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Rabbi Ruth Adar is a teaching rabbi in San Leandro, CA. She has many hats: rabbi, granny, and ham radio operator K6RAV. She blogs at and teaches at Jewish Gateways in Albany, CA.

18 thoughts on “Ecclesiastes is Making Sense”

  1. Too many losses for one week.

    I remember that your brother accepted you as is. May his love for you extend beyond the grave.

    And please take good physical care of yourself; I’m a nursing instructor, & 2 sieges of blood clots are enough!😎

  2. The most difficult challenge of adulthood, IMHO, is having to say goodbye forever to those we love, especially when it is too soon. In time, I hope the happy memories will be of comfort. Sending hugs your way from the Sierra Foothills…

  3. Thank you. I am sorry for the losses you described—especially your brother, since he suffered so much! Your words and the biblical quote were a comfort to me today; I too have lost 3 close friends or family members in a relatively short period of time and am trying hard to reconcile the fact that I am still living (age 77) and they are not.

    1. Bill, I am so sorry for your losses, and sorry that my own disorganization has meant this went un-responded for so long! Linda Feldman’s message “The most difficult challenge of adulthood, IMHO, is having to say goodbye forever to those we love, especially when it is too soon.” was right on target for me. May you find some comfort for your losses and meaning going forward.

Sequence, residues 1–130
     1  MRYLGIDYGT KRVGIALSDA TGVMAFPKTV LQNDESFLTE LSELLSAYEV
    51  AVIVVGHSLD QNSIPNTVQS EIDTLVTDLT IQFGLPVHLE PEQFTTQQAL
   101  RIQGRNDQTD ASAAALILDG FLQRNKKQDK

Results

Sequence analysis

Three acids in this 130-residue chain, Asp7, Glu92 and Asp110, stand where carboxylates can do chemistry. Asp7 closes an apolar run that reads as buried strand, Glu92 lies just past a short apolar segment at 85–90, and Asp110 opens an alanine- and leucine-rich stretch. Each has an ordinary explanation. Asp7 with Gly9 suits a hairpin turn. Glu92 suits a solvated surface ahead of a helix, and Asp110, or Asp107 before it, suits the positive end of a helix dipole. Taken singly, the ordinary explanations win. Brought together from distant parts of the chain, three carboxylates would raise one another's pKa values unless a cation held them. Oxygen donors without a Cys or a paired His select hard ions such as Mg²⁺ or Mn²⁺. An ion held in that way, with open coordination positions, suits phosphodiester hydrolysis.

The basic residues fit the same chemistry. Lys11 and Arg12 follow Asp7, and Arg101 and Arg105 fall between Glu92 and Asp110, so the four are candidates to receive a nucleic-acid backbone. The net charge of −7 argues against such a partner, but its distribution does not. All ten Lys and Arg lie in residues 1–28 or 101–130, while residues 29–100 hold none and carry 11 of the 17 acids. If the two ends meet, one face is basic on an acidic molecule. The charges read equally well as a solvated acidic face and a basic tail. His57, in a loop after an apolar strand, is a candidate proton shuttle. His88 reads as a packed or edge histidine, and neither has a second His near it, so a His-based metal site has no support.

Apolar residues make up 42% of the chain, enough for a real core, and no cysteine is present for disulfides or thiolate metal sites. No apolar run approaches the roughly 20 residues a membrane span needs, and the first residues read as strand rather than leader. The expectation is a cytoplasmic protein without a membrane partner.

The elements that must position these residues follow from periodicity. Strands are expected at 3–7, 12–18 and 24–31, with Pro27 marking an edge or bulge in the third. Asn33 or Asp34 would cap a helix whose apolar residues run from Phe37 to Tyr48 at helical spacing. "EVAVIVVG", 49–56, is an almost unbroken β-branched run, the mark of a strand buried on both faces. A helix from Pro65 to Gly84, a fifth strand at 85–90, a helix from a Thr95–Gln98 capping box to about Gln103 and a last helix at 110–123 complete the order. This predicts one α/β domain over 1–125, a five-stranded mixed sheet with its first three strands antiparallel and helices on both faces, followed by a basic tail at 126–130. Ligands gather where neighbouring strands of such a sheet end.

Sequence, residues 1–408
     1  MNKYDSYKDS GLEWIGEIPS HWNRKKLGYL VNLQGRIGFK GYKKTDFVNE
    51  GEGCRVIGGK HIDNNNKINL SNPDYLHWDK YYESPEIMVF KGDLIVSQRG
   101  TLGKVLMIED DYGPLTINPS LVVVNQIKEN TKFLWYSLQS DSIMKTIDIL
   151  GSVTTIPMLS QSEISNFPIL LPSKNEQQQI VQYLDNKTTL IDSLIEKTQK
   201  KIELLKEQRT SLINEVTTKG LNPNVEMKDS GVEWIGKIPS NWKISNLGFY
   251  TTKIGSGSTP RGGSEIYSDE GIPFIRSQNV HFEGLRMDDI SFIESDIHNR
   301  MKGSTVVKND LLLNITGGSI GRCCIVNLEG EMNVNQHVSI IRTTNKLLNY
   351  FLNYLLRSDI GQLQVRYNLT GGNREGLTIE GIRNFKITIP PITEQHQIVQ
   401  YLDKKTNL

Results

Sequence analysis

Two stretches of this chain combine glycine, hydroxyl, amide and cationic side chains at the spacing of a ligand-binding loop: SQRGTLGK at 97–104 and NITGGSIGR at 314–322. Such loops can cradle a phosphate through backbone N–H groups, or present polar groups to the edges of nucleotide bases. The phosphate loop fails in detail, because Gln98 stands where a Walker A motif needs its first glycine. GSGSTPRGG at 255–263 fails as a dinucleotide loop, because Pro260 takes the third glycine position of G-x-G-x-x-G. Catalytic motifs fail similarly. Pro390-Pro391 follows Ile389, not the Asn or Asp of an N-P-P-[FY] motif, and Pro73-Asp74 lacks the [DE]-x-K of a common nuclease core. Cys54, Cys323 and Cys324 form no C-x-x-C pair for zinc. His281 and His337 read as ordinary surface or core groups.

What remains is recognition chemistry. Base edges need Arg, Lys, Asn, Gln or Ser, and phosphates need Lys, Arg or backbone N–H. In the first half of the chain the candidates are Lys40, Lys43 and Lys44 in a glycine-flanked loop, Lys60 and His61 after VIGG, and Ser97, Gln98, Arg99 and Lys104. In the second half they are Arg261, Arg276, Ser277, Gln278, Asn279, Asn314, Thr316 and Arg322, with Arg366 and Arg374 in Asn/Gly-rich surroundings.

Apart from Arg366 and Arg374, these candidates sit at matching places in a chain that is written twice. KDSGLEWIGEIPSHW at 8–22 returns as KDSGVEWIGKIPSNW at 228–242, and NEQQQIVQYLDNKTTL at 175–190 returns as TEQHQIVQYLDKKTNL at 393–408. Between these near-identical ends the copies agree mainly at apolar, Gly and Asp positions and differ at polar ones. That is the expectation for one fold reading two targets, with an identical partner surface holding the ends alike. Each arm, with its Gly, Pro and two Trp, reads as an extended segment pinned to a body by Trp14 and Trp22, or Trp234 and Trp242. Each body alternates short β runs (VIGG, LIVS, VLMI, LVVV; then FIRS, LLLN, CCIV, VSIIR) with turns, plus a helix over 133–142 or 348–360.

4. Thank you for your beautiful thoughts, Ruth. Your brother Johnny passed this website along and I have enjoyed falling down this rabbit hole. By way of (re) introduction, I am your cousin through your dad’s side (my mother is Harriette Fulghum Myers). Johnny is just a half-year younger than I, so he was most often my partner in crime. I simply wanted to send you a note and say hello and express my condolences after Albert’s passing. Peace.

    1. Jimmy! I remember you, but as a VERY small boy!

      Thank you very much for the kind words. I am grateful for all the many kindnesses people have extended to the family through this ordeal. Most of all I grateful that Albert’s suffering is over. Thank you so much.

      If ever you are on the West Coast, holler! Johnny can give you my phone number. Nice to re-meet you, cousin!

    2. Jimmy, I remember you as a very little boy, really a toddler! My gosh, what a treat to hear from you!

      Thank you for your kind words about Albert. It was time for him to go home, and I’m glad his suffering is at an end.

  5. Loss upon loss…one would be hard enough. My heart goes out to you. Almost all of the generation that preceded me passed away between September and December. The fall, with all its color and transition, is a most reflective time for me…and now perhaps for you. May your brother and your loved ones be remembered well and may your sorrow and grief be bolstered by your memories of them.